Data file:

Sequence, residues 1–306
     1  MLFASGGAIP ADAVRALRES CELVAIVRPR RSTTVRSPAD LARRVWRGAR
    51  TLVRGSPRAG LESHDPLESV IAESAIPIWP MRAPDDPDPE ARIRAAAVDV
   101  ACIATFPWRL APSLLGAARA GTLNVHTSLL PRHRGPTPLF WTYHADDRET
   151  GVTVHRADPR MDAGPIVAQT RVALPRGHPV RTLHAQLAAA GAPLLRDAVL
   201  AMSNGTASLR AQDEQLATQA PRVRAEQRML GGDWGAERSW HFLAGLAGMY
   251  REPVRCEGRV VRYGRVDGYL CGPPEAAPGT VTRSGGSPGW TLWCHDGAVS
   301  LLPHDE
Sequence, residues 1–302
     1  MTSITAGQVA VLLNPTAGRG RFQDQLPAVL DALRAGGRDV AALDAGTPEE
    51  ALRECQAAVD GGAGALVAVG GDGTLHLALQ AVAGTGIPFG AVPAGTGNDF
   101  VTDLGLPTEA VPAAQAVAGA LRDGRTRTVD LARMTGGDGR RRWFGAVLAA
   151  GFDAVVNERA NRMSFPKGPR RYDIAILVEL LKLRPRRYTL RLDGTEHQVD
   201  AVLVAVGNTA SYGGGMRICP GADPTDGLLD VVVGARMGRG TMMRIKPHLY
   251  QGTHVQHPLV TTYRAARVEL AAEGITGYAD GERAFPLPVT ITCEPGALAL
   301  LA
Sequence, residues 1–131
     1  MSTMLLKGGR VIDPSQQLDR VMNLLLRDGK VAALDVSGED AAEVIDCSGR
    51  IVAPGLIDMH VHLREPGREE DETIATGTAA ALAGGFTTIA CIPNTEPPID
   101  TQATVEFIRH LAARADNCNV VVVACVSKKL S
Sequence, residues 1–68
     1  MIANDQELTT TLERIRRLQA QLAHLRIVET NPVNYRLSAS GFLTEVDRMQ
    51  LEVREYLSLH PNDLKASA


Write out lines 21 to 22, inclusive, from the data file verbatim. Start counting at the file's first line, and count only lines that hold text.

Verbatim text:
Sequence, residues 1–68
     1  MIANDQELTT TLERIRRLQA QLAHLRIVET NPVNYRLSAS GFLTEVDRMQ